Does it work? What’s the body of evidence?
Though relatively new, there is a substantive body of work that indicates that SCLR is effective. With its partners, L2GP has published a paper titled ‘Survivor and Community-led response: Practical Experience and Learning by Justin Corbett, Nils Carstensen and Simone DI Vicenz.
Let’s start by taking at how SCLR has been implemented in Sudan
In 2011, as war began in Nuba, Sudan, the majority of international aid actors rapidly evacuated areas controlled by the armed opposition group. In the process, they left a war-affected population of more than a million people. Responding to the precarious situation, local NGOs in the region supported by some external actors, supported village-based protection and self-help groups. Volunteers began moving between villages undertaking training and awareness for residents and newly displaced people on basic, locally sourced survival and protection experience. These trainings included how families could better protect themselves during aerial bombardment, basic first aid, traditional medicine, psychosocial support and much more. By 2014, these activities had reached an estimated 400,000 people.
“The number of casualties has greatly lessened, and people are somehow able to cope better with both the bombings and the fear of the bombings” (Nagwa Musa Konda, then director of NRRDO)
By 2016, the conflict in Nuba had become less intense and aerial strikes eventually stopped altogether. With the situation changing, local protection groups shifted their priorities and opted to spend small group cash grants, sponsored through and SCLR initiative on collective farming of cash crops, which in turn supported basic education for children and adult literacy classes. The flexibility to change focus and address different needs, threats and opportunities did not require an external driven needs assessment. Rather, it happened by building on community-based solutions and coping mechanisms which already existed.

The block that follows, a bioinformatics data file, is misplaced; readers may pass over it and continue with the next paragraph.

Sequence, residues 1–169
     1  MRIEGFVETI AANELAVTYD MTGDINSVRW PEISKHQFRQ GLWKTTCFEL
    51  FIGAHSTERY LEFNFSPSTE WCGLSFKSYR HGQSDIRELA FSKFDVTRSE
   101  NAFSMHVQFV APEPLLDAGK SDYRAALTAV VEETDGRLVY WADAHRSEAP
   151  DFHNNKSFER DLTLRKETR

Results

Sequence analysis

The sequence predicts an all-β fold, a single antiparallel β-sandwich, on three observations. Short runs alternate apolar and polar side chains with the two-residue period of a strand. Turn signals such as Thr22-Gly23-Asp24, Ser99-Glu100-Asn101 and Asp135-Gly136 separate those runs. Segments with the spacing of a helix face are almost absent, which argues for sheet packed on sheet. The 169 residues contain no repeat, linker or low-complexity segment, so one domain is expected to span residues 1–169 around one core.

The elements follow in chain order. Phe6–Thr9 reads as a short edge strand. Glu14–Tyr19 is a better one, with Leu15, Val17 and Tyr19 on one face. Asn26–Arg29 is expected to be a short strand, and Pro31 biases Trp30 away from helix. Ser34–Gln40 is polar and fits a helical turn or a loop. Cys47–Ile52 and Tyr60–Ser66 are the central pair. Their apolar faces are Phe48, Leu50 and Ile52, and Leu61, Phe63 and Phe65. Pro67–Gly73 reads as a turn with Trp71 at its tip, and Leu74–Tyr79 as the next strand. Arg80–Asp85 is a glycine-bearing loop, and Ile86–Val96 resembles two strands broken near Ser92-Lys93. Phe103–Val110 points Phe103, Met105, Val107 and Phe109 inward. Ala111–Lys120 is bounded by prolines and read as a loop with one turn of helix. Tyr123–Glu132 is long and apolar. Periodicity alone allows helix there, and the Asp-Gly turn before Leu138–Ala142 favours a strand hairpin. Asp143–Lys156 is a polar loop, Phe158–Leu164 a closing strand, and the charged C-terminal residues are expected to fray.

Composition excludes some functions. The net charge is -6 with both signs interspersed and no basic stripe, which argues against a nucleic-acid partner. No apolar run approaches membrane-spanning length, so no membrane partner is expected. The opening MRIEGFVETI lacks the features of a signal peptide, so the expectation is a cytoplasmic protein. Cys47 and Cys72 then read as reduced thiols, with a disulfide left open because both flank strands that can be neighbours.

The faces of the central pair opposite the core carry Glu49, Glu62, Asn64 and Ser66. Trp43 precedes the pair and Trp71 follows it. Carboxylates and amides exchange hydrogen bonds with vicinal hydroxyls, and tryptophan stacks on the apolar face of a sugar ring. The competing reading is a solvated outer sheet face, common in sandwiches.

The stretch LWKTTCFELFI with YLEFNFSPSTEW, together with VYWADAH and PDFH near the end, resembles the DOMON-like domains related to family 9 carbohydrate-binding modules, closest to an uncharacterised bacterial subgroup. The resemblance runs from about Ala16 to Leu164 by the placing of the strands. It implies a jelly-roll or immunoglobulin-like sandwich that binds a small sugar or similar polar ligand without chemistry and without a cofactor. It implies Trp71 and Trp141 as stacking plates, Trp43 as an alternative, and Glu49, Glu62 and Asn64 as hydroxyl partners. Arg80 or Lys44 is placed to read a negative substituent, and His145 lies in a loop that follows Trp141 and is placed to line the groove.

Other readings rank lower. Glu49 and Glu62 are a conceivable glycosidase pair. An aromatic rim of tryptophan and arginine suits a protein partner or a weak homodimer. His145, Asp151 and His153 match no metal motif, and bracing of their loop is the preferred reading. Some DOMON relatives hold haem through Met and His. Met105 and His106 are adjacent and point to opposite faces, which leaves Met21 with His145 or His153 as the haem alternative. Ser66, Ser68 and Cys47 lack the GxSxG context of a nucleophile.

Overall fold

RBP Point: Emphasize the need to prioritize starting from the perspective of the affected population. Recognizing communities’ own capacities and protection strategies as the starting point.
Another example of SCLR in practice is in the Occupied Palestinian Territories (oPt) where it has supported protection responses to gender-based violence and supported psychosocial support sessions, all issues of collective concern. A female protection group member in the village of Raboud on the Palestinian West Bank highlighted the empowerment approach of SCLR by noting that
‘The project succeeded because we worked together in the village. Many other NGO projects have failed – mostly because we were not really involved in the ideas and the plans. We did the electricity project cheaper, faster, and better ourselves than any NGO could have done. But most important of all – we feel it is our own project – our own work’
Although there are promising signs of SCLR, there is still room for additional learning. What if agencies do not have a level of community facilitation skills? In less mainstream contexts, will SCLR still be as effective? These questions will need to be answered to ensure that SCLR is successful across all contexts.
Nevertheless, the evidence presented above suggests that SCLR as an emerging practice allows humanitarian and protection actors to provide effective support for locally led action during sudden or protracted crises. SCLR can be applied rapidly, at low cost and at scale by national and local NGOs as a complement to the needs-based approach of mainstream humanitarian .